- LS2.C: Ecosystems are dynamic in nature; their characteristics can vary over time. Disruptions to any physical or biological component of an ecosystem can lead to shifts in all its populations. Students model different disruption scenarios and predict how those disruptions would shift populations. Students hear from farmers about the strategies they employ to protect themselves from disruptions (see Lessons 13, 15, 16).
- LS2.C: Biodiversity describes the variety of species found in Earth’s terrestrial and oceanic ecosystems. The completeness or integrity of an ecosystem’s biodiversity is often used as a measure of its health. Students compare rainforest systems to oil palm systems in terms of the biodiversity found in each system (see Lesson 13). Students learn that farmers are interested in supporting biodiversity in Lesson 14.
- LS4.D: Changes in biodiversity can influence humans’ resources, such as food, energy, and medicines, as well as ecosystem services that humans rely on—for example, water purification and recycling. Students figure out that people engage with different ways to grow food compared to monocrop in order to obtain different benefits, or services (see Lessons 15-16).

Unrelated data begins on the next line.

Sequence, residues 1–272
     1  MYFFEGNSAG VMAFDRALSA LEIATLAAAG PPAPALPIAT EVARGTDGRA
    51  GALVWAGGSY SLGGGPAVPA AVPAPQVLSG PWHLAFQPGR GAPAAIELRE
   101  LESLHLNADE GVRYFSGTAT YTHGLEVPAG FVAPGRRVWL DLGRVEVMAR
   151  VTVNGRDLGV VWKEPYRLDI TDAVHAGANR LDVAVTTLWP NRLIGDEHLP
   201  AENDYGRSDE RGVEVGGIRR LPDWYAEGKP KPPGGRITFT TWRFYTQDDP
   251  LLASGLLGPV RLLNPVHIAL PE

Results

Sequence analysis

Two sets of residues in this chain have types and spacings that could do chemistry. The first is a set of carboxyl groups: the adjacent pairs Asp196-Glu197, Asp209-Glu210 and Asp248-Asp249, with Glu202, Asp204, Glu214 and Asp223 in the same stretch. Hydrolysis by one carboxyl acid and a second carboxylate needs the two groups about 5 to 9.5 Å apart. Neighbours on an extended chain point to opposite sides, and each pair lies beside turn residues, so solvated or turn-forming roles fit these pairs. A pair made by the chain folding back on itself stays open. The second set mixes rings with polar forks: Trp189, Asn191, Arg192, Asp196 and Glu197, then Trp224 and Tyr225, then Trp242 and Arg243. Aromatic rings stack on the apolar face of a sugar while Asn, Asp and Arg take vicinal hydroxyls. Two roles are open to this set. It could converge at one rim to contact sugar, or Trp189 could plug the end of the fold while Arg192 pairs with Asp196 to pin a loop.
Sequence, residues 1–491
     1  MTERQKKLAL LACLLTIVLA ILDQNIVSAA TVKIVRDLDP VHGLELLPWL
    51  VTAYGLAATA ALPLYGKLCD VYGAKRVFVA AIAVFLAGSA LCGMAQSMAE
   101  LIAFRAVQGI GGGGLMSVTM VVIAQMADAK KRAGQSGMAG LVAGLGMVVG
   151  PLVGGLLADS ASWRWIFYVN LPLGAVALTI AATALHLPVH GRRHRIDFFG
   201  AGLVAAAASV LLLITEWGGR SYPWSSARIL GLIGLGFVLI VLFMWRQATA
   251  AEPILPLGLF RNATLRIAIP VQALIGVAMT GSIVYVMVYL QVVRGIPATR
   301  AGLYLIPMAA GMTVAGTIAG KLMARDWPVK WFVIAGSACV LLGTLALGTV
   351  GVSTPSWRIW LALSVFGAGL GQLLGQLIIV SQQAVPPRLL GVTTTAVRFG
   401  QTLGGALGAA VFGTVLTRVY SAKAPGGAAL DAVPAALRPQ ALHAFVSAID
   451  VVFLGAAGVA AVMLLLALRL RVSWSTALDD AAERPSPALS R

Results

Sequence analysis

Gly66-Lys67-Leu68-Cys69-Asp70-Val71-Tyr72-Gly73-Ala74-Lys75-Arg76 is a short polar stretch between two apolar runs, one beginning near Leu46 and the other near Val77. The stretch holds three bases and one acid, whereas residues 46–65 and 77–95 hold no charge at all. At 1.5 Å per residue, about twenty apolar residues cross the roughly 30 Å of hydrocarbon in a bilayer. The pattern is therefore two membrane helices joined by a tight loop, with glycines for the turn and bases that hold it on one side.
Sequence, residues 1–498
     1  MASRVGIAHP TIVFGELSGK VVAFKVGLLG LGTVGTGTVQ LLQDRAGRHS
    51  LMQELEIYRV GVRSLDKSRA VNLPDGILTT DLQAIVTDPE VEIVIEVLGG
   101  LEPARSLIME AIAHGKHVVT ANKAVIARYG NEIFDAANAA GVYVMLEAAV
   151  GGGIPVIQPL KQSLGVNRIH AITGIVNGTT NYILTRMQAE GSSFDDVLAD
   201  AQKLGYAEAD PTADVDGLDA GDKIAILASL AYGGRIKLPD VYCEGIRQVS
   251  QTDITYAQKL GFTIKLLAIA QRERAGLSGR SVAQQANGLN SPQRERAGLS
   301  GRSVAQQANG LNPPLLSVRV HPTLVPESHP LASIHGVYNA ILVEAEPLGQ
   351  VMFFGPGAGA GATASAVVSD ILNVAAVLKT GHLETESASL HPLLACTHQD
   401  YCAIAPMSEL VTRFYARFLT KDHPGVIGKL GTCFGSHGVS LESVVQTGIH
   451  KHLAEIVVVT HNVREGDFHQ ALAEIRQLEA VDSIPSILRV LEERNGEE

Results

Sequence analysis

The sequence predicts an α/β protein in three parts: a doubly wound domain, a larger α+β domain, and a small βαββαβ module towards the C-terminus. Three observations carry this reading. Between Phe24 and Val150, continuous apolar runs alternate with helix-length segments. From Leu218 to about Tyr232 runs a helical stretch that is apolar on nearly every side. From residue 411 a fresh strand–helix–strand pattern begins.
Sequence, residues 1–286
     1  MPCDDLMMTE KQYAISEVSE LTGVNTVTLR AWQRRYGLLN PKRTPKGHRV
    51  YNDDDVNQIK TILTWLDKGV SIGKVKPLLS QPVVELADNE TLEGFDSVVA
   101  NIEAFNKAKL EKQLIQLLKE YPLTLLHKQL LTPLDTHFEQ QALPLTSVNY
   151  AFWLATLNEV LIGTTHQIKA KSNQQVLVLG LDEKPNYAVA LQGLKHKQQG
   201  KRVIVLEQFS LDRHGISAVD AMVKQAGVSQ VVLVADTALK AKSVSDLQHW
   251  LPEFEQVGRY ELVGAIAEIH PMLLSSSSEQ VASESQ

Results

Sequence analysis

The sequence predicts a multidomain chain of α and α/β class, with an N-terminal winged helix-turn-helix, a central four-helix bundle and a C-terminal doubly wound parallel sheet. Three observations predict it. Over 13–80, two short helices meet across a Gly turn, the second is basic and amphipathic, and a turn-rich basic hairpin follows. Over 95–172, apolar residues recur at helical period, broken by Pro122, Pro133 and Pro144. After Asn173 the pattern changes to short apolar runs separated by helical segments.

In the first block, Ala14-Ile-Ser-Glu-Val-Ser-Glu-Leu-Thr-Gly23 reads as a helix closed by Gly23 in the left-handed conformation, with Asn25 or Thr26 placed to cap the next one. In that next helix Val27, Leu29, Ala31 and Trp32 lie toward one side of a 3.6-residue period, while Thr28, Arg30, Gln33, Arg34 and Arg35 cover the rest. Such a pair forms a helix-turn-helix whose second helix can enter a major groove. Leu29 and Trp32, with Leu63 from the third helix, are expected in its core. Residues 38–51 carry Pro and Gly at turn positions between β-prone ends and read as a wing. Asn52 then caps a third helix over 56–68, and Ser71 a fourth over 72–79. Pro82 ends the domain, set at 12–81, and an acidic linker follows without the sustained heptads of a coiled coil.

- ESS3.C: Human activities have significantly altered the biosphere, sometimes damaging or destroying natural habitats and causing the extinction of other species. But changes to Earth’s environments can have different impacts (negative and positive) for different living things. Students focus on understanding the problem, which involves humans altering the biosphere in ways that negatively impact orangutans (Lessons 2-4) and alterations in their own communities (Lessons 5). Students also encounter ways humans farm for food that positively support biodiversity in Lesson 14.